Sunday, September 21, 2014

Surviving the Vacation

There is always a sense after a family vacation that we, the parents, actually need a vacation of our own to recover from the previous one. Thankfully, we've gotten more seasoned at travelling with JED and JED have become older, so it is a little bit easier. There is less of a compulsion to drop them off at an orphanage and jet off to the Maldives.

But we also do try to make it a point to make it easier on ourselves.

1. We rent self-service apartments or houses.
This meant we didn't have to bring enough clothes to last the duration of our vacation. Travelling light becomes important especially when flights land at odd hours and we have to wrestle sleeping children as well as luggage and car seats [thankfully, that (car seats) should stop being a problem soon!]

It also meant we were able to cook and not need to subject ourselves to ridiculously priced restaurant food. Plus the nutrition conscious nut in me felt better knowing what JED actually put away into their bodies. People find this troublesome and it could be. But it's was much cheaper, we didn't have to wrestle with cranky children back into the car and we didn't have to worry about them making a scene in a public place; all of which could have been even more stress inducing.


2. Not be ambitious.

We did not pack our itinerary at all. It was a ' one thing a day' type of vacation. If we were going to the beach, we would just go to the beach. The Kids being kids took a long time to move and there was always toileting, feeding and stopping for no reason to be done. Plus the kids got tired after a bit. Cranky kids meant difficult kids. So in the words of our travelling partners, where ever we went, however far we intended to travel, we would to take into consideration time back and most of the time, that meant the 'exercise cut' (using an NS term) time was usually about 3 pm so that we could get back in time to start dinner, get the kids bathed and ready for bed without too much hysterics. 

3. Keeping them occupied. 

By this, I don't mean gadgets though it did get inevitable at times. A 5 hour flight with no in flight entertainment meant pulling out entertainment stops of our own. By the 5th hour, I wanted to just sit and read a bit so we gave them the gadgets for the landing. This was also to distract them from the ear popping pressure of descent. 

Anyway, we used some of the luggage space we saved from bringing clothes to bring all sorts of distractions. Games, play dough, books, puzzles and Jordan's rainbow loom set. We set writing tasks for the twins to do in the mornings before the day started. So they would sit down and write about their day before and what they wanted to do in the day to come. By the middle of the vacation, they were used to doing that and that would be the time I would use to get breakfast for them ready.

The rest of the time, they just mucked about with each other and came up with their own games. So even though I had to be up when they were up, I could pretty much sit and read my book while they "parted the Red Sea" and kicked an odd shaped ball (a footie ball) around in the garden at the back.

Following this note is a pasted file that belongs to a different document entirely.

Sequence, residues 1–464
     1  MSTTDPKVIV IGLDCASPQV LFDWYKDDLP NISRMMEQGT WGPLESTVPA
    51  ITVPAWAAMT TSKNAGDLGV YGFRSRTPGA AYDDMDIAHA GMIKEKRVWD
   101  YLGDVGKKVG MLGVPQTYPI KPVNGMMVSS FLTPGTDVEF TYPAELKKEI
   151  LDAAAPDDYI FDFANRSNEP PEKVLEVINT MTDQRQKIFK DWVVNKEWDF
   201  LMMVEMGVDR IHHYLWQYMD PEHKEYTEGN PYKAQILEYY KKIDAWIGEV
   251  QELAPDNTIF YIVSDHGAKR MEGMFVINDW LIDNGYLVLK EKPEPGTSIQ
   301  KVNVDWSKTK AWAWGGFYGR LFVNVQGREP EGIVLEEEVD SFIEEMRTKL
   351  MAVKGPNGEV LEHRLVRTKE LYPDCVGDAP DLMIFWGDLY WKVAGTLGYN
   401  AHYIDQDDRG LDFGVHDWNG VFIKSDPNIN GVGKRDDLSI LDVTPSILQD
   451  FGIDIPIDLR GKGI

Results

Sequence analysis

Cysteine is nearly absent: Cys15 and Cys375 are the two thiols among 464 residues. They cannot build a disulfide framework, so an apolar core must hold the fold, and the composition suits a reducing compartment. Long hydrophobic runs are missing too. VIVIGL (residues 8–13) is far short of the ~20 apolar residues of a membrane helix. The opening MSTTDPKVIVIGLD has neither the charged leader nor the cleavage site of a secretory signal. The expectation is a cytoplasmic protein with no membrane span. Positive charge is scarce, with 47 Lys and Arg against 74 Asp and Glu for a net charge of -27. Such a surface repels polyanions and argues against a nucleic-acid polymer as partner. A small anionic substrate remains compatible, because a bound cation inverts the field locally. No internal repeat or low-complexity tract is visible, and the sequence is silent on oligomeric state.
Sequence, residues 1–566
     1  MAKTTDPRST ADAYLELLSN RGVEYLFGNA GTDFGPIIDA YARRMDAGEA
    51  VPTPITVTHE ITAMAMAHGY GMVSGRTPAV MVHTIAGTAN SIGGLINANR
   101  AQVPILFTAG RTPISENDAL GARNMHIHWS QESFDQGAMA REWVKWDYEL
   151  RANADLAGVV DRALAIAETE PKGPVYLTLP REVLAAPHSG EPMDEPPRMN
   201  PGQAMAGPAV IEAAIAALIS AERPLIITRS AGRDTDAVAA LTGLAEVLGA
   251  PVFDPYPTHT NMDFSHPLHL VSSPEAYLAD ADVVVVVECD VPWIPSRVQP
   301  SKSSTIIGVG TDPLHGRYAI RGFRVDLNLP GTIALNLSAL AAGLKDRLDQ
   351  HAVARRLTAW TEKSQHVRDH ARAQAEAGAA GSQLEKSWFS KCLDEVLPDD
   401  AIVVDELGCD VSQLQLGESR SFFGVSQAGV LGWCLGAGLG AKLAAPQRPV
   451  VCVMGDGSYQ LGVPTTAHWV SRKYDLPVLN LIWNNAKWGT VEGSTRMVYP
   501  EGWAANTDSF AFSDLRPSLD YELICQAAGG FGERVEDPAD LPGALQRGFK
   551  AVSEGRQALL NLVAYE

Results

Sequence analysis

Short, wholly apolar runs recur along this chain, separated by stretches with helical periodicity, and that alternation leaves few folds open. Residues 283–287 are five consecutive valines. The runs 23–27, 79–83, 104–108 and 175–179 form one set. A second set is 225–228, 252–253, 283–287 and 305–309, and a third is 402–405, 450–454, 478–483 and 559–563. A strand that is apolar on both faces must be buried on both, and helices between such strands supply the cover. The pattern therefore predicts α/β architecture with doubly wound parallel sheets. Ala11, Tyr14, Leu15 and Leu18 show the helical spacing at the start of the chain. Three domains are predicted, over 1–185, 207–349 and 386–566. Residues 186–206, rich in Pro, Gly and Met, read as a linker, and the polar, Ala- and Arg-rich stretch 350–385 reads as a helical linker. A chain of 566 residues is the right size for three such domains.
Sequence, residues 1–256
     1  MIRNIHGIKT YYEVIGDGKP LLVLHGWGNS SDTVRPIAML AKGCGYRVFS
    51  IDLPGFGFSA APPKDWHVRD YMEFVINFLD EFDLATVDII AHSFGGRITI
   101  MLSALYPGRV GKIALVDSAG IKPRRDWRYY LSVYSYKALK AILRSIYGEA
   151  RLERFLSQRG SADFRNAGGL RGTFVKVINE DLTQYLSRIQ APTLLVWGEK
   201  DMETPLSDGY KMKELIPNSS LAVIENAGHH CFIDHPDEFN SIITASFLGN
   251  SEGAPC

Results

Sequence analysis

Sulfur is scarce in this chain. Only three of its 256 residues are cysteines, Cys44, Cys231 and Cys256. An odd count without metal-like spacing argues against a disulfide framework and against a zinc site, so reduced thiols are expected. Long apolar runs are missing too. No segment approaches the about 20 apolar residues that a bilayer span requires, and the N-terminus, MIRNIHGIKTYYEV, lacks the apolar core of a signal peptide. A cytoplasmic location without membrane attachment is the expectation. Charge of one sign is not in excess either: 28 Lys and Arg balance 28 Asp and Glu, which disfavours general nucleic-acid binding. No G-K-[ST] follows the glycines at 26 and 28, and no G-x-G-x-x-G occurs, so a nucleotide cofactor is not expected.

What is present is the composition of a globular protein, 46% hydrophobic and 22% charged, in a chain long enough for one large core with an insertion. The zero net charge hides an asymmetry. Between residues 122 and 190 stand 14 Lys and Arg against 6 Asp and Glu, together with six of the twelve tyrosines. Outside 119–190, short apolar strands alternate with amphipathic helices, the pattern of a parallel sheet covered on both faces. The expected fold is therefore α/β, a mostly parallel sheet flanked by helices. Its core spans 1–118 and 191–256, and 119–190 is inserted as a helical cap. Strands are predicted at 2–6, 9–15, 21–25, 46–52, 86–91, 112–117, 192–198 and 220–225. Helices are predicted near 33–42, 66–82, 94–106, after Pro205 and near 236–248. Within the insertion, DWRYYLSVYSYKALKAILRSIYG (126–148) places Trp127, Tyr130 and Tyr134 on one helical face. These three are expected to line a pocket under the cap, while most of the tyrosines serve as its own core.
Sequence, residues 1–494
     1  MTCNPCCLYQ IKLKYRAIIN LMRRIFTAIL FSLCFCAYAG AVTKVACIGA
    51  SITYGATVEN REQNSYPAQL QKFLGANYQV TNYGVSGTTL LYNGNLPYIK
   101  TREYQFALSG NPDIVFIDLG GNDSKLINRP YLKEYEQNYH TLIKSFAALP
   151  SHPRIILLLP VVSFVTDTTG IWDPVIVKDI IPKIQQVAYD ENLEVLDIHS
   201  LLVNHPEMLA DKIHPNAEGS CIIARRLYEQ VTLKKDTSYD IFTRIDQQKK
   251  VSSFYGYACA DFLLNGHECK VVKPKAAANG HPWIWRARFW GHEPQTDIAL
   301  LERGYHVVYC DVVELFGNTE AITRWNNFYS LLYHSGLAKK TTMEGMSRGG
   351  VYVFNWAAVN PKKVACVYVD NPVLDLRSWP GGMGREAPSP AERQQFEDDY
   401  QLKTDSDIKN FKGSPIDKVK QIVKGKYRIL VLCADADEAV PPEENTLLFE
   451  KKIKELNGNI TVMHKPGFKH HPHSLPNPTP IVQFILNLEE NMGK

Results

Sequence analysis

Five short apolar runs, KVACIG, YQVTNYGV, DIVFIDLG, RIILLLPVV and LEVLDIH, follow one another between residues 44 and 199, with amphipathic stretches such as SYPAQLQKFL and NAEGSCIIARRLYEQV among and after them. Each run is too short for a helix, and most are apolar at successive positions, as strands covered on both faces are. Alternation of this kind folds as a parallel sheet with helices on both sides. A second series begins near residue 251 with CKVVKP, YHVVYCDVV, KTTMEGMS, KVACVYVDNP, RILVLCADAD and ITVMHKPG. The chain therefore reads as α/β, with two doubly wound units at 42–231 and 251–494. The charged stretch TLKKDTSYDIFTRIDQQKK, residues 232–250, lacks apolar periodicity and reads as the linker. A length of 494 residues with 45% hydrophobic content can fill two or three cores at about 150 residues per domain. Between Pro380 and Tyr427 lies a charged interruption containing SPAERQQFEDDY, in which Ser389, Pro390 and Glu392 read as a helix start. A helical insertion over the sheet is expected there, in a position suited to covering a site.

4. Make them accountable for one another.
It wasn't just about making the older two look after Muffin. It was about everyone looking after everyone else. When they crossed the road, they had to be holding onto someone else's hand. If they ran off, they had to look back to see where everyone else was. If someone fell, they had to help pick the child up and someone needed to come and tell us. That meant, everyone had to keep an eye out on everyone else. Even Muffin knew to look out for his siblings and his friends and they were often a gaggle of wandering children, the operative term here being 'gaggle'. While not fool-proof, it meant that we didn't have to worry as much about where everyone was at any given time, even if we were in a supermarket.

5. Find the playgrounds.

At this age, the favourite things for JED to do were to go to the beach or the playground. So we found playgrounds for them. If in Perth and you are headed south, head to Donnybrook, the apple capital of Western Australia. It's home to the Donnybrook Apple Fun Park, the biggest free playground in Australia. All the kids loved it and we went back 3 days in a row and they never tired of it. Because we were on vacation and regular Aussie school terms were still in session, the playgrounds were empty. They had the run of the place and keeping an eye out for them was relatively easy.

I would have lain in the sun and taken a nap if I wasn't so fascinated by how much fun they were having and what they were doing on the apparatus. 

And even when we didn't feel like driving to the Fun Park, we were flanked by parks and playgrounds all over. So every day, all the kids went to a new playground. They relished the wood chip playgrounds and the open fields where they could tumble and roll around. 

By the end of it, they were wind-blown, hungry and ready to call it a day. For most days, this was how our days would end. 

No real big secrets but just the little things that made it a little bit easier for the kids and by extension us. It was by no means peaceful and it didn't mean that I didn't lose my cool with them or yell at them. But it did mean that the flashes of annoyances passed more quickly and there weren't periods of extreme and extended stress. And that meant, relatively speaking, we managed to have quite a bit of fun as well. 


Post a Comment